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Don't Be a Hero by Chris Strange

Don't Be a Hero

by Chris Strange

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4010434,831 (4.25)None
It's a bad time to be a superhero.When the world turned its back on metahumans, the golden age of superheroes came crashing down. But now a mysterious supercriminal is making one final bid for power, and with no one else left to protect the world, ex-hero Spook must risk everything to take him down. There will be no reprieve, no negotiation. War is coming.Put on the mask. There's work to be done.Chris Strange, author of The Man Who Crossed Worlds, presents a stunning, no-holds-barred superhero adventure that will lure you in and knock you out. This is the novel superhero fans have been waiting for.… (more)



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I was surprised to discover that I really enjoyed this book. Superhero stories can be a bit... boring, predictable and juvenile in my opinion, but this was none of those. The plot, while somewhat predictable, was engaging and the story is really about how the characters deal with their situation than a tricky plot. In that sense, it had a good realistic feel which I liked.

I also really liked the fact that although almost every minority box was ticked (the protagonist is a lesbian person of colour with a deaf partner), I didn't get any sense of tokenism here. A very enjoyable read.

Disclosure: I received a free copy of this book as a voter in the Sir Julius Vogel Awards. Review provided simply because I liked it. ( )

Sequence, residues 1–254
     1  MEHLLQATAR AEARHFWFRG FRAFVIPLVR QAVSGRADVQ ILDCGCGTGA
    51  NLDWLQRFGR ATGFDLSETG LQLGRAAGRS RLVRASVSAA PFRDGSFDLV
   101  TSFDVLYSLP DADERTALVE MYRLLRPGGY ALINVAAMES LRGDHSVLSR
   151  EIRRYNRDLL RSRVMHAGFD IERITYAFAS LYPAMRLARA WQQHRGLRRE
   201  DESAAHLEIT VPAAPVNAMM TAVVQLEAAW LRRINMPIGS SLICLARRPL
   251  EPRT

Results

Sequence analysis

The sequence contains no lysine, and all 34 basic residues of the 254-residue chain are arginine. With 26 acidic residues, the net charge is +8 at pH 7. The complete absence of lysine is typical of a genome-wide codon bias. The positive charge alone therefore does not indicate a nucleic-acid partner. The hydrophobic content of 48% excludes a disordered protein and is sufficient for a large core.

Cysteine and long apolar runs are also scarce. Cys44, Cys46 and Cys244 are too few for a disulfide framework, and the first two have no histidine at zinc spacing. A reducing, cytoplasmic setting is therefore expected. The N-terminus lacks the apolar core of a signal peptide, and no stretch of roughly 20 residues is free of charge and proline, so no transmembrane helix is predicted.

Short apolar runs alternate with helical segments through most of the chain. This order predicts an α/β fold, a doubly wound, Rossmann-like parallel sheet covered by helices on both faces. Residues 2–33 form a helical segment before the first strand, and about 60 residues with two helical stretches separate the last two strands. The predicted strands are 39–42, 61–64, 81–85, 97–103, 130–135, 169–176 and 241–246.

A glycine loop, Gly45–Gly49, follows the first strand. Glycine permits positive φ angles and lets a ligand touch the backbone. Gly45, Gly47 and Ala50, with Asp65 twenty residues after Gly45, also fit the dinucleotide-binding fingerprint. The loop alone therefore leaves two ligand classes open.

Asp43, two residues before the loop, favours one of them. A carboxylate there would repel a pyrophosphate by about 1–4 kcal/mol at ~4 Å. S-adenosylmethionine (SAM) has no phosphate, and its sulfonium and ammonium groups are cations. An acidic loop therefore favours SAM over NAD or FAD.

darushawehm | Oct 24, 2015 |
First off let me say I really enjoyed this book! It was fasted paced, and action packed with a lot of interesting detail!
But I also need to say that, since it was a book about superheroes, I thought it might also be good for kids…and I’m glad I read it before recommending it to a young person as I feel it has some strong language and some very awkward and unnecessary sex scenes that make it unsuitable for kids!!
Back to my liking the story…I really enjoyed the relationship between Spook and The Carpenter a lot! It was very real. Both having loved ones that were scared and angry to have them go off and fight, or maybe just not feeling involved enough, these are things that, it seems, may happen. Or the fact that they, especially Spook, didn’t always feel like doing the “right” thing for people that hated meta humans and didn't want them around for the most part. Made them easy to relate to.
All the characters were very well flushed out with interesting back-stories. ( )
  dolphinchick | Oct 23, 2013 |
(Disclaimer: Received this book through the ER/Member Giveaway program)

LOVED IT! I took a chance on entering the giveaway, and I'm glad I did.

Fights, got them. Flawed protagonists, got them. Tortured evil villain, yep. Smooth flow and phenomenal character interaction. I read the ebook in 3 sittings, would've been in 2 if my son hadn't refused to take a nap and wanted to play. : )